Taken together, lifestyle modification plays a key role in the prevention of CVD and experts agree on the evidence-based changes that can save lives and ill health. This review provides guidance and useful advice for clinicians and healthcare professionals on the role of lifestyle changes in the prevention of CVD.


Masana L, Ros E, Sudano I , Angoulvant D and the lifestyle expert working group. 2017 Atherosclerosis Supplements 26 2-15.

IPSSA Call for Action on World Heart Day 2017: Measure Your Blood Cholesterol!

Brussels, 29 September 2017:

Today is World Heart Day; a landmark date established by the World Heart Federation. According to the World Heart Federation, cardiovascular disease (CVD) continues to be the leading cause of death and disability in the world today: over 17.5 million people die from cardiovascular disease (CVD) every year[1]. It is also an established fact that one key modifiable risk factor for developing CVD is high blood cholesterol.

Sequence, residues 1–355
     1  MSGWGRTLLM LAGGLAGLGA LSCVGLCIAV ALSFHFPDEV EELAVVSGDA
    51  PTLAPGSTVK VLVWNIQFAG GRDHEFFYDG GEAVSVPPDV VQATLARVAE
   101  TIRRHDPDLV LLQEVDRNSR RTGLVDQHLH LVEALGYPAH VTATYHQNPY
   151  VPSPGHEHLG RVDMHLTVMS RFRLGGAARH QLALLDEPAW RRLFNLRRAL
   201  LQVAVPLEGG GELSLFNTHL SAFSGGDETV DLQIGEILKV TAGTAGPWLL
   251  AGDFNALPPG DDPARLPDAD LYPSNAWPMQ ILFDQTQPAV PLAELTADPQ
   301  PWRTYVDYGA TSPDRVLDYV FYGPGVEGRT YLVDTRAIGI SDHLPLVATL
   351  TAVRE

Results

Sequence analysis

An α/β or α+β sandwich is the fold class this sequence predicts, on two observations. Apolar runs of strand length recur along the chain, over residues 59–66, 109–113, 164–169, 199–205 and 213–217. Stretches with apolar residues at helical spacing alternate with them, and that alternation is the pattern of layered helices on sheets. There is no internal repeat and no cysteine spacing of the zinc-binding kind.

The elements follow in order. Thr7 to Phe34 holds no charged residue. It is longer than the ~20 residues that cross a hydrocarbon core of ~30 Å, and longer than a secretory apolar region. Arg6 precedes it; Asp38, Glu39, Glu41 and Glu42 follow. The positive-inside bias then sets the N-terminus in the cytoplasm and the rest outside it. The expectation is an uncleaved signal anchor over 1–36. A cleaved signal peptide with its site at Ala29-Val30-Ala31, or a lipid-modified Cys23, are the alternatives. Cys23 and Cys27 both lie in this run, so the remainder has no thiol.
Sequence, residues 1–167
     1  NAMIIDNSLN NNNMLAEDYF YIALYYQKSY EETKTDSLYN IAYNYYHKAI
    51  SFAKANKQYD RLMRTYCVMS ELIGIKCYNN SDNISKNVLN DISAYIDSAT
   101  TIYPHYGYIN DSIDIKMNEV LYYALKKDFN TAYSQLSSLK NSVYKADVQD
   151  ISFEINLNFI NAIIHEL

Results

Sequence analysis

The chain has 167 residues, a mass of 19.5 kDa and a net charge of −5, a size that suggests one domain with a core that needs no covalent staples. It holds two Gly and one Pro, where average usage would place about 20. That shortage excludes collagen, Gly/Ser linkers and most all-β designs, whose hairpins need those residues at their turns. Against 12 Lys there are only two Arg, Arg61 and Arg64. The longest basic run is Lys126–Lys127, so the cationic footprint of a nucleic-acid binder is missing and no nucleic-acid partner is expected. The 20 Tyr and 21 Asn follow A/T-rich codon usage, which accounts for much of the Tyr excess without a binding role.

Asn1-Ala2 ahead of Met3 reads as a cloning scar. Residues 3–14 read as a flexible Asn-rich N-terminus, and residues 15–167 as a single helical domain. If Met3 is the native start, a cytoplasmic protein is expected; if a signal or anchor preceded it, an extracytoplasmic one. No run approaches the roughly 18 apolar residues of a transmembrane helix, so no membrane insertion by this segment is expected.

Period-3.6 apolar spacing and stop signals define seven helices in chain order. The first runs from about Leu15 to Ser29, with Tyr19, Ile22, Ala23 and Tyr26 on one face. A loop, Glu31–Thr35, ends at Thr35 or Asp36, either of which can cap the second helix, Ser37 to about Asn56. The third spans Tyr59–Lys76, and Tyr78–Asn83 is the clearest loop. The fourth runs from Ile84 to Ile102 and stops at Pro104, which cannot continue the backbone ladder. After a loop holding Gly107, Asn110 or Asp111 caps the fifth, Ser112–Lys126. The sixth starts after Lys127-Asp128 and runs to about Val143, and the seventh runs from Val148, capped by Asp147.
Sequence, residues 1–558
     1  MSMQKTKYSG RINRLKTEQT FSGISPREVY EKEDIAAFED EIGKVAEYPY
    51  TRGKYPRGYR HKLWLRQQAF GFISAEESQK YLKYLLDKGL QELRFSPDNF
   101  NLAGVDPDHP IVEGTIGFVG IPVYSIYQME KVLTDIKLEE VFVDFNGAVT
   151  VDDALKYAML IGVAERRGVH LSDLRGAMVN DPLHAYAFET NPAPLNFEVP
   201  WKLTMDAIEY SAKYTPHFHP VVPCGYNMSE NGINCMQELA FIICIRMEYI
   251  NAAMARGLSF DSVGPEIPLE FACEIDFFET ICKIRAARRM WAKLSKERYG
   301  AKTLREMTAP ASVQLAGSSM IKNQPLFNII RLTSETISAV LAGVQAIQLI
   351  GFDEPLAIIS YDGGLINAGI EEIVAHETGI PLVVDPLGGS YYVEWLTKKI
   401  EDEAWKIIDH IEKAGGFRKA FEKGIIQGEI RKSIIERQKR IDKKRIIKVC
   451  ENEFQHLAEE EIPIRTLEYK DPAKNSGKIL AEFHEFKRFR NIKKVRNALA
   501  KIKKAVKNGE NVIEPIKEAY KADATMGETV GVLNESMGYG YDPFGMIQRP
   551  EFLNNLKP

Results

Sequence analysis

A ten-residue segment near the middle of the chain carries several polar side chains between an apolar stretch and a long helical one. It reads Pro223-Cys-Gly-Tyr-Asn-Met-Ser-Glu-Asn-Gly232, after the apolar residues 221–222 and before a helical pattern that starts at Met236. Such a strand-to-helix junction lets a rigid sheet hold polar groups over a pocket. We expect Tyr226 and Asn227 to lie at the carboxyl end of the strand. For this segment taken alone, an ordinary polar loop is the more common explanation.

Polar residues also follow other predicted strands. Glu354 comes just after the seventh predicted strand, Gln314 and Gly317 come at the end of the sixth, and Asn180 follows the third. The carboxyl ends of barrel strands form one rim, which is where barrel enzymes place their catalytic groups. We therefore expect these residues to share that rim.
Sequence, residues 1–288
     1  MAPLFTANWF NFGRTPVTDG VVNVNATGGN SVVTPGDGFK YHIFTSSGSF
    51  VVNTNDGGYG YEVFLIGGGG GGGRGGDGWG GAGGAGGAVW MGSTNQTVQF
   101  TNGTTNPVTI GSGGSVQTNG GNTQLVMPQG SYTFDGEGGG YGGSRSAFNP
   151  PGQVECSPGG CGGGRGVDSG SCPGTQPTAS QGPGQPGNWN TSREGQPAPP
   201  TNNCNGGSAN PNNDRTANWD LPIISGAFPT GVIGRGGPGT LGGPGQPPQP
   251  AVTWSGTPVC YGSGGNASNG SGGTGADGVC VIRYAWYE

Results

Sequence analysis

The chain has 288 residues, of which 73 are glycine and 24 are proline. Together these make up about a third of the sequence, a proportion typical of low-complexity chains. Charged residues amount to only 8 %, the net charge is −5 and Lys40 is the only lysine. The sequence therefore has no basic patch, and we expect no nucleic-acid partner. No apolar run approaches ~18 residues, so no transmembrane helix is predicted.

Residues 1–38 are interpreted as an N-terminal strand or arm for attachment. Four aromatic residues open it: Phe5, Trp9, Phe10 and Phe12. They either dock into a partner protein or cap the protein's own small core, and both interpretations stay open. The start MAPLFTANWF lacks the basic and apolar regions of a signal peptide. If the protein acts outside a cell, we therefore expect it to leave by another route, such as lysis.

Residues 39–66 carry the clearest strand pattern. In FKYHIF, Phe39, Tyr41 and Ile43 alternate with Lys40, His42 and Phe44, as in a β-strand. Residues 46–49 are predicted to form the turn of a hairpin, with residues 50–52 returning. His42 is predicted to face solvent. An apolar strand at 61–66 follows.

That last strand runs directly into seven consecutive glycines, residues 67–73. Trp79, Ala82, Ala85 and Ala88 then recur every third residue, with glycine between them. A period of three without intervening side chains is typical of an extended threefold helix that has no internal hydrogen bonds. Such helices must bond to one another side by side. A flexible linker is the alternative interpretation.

The International Plant Sterols and Stanols Association (IPSSA), the leading association in the sector of plant sterols and stanols comprised of the major international companies (Arboris, BASF, Cargill, Raisio, Unilever), fully supports the messages of the World Heart Foundation for World Heart Day and we are calling for the public to get their blood cholesterol measured and act to reduce or maintain healthy LDL-cholesterol levels.

According to the 2016 ESC/EAS guidelines on the management of dyslipidemias[2](Table 10 p. 298), as a general guide, LDL-blood should be: